One night while walking home from a dinner date, Paul Dini was mugged and beaten within an inch of his life. Twenty-three years later, he decided to turn the story of the attack, his life at the time, and eventual recovery into a graphic novel with art from someone who is no stranger to Batman’s adventures (or worthwhile collaborations with Brian Azzarello), Eduadro Risso. The end result is alternately frightening, funny, indulgent, and life-affirming. It’s a bizarre mix of tones and styles that shouldn’t work when combined in one volume. I think the reason Dini and Risso are able to get away with it is because they know how to modulate them.
We see this in the beginning as Dini frames the story as an informal recounting of his story to a mounted handheld camcorder. He talks about his life growing up where his vivid imagination brought the characters he was most familiar with in books, comics, and cartoons to life. This leads him to a very successful job later in life at Warner Bros. Animation, working on “Tiny Toon Adventures,” and “Animaniacs,” before joining the project that would define his professional career: “Batman: The Animated Series.”
Dini’s vivid imagination also provides the central narrative conceit of this story as Batman and all of his A-list villains show up at various points to offer their distinctive brand of commentary on his life. Batman/Bruce Wayne is the voice of reason and determination that eventually gets the writer off of his ass and back job at work. The Joker offers mean-spirited yet funny observations regarding Dini’s love life and friendly (for a given definition of the term) encouragement to wallow in self-pity after his attack. Poison Ivy, Riddler, and Penguin also show up to offer their two cents at a given moment. It’s a gimmick, to be sure, but one that’s cleverly used and written. It only starts to feel indulgent when Dini brings out Mr. Freeze to comment on emotional detachment for a couple of panels. Or has Harley Quinn show up for bit at the end, because of course she has to be here. He created her after all.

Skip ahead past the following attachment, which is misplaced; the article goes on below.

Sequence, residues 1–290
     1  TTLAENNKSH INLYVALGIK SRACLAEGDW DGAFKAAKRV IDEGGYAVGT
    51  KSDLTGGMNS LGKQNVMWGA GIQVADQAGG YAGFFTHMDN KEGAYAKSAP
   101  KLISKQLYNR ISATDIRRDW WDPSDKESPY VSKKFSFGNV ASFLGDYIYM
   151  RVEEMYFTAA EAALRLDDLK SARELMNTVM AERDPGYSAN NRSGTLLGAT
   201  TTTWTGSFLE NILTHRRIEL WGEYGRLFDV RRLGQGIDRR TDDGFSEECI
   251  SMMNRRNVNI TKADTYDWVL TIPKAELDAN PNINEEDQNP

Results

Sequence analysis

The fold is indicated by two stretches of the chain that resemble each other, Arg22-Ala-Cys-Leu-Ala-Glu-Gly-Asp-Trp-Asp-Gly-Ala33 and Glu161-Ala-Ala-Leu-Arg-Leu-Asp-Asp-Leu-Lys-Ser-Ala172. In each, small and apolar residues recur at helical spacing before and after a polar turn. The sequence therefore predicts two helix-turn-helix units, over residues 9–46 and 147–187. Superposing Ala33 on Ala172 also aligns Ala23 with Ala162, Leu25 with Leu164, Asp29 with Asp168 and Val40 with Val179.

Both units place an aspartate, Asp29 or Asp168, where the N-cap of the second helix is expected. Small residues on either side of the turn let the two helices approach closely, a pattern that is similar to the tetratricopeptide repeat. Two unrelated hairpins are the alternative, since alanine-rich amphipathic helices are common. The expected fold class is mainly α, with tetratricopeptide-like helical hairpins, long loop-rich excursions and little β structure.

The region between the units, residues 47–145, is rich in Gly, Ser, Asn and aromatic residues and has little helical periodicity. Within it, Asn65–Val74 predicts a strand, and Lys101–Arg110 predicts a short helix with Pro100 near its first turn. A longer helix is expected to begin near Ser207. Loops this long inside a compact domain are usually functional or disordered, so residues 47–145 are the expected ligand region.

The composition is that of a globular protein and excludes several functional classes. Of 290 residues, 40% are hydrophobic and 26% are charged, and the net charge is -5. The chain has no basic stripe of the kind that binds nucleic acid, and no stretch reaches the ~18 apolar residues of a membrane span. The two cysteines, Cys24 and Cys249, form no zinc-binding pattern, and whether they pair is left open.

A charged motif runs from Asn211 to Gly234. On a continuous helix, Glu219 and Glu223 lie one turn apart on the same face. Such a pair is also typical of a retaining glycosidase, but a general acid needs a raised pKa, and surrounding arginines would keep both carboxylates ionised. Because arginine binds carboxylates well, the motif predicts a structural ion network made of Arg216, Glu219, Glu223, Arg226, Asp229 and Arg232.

Indulgence is a key part of this story as well since it’s not just about the mugging. Aside from the bits we get about Dini’s early years and time at Warner Bros. Animation a great deal of time is also spent on what was the sad nature of his love life at the time. Some of this is necessary for the story and his character, but I really don’t think we needed to know that he sliced himself up with the Emmy he won for “Tiny Toons” out of despair for his self-image regarding the opposite sex. Even if such an image is leavened with the knowledge that he had to go in for a tetanus shot afterwards. Most disappointing is the fact that after all this talk about the women in his life he didn’t get, we only get a passing mention of the fact that Dini is now happily married with a kid. Then again, I’m sure his wife had something to say to the man himself about this.
Other indulgences in “Dark Night” are far less maudlin and actually entertaining. Seeing Risso illustrate Dini’s attempts to get a girlfriend as a “Road Runner” cartoon is definitely fun and inspired. Also, the writer’s pitch for an episode of “Batman: TAS” involving Morpheus and Death was awesome. It’s disappointing that it never came to be, but maybe if the right person at Warner Bros. reads this…
As fun as these diversions are, they don’t really have any relevance to the core narrative involving Dini’s attack and recovery from it. This is the most interesting material in the volume, from the harrowing nature of the assault, as the stark shadowy art from Risso really drives home its harrowing nature and the writer’s own feeling that he was going to die. The self-pity and depression that Dini sinks into afterwards is also palpable and fully articulated thanks to the commentary from the “guest stars” here. His recovery also works because we see that it was more than just Batman telling him to feel sorry for himself, Dini also had to fall a little further before he could pick himself back up again.
All of this is good, and I wish that more time had been spent on it. “Dark Night” is ultimately a worthwhile tale of recovery, but one that rambles and goes down several paths that aren’t that relevant to the story it’s telling. It’s a credit to the talent of Dini and Risso that most of these digressions are still interesting and entertaining. I’d like to read the story of the creation of “Batman: TAS” that the writer touches upon here from the same creative team. Assuming that it can be done with more focus than what they demonstrate here.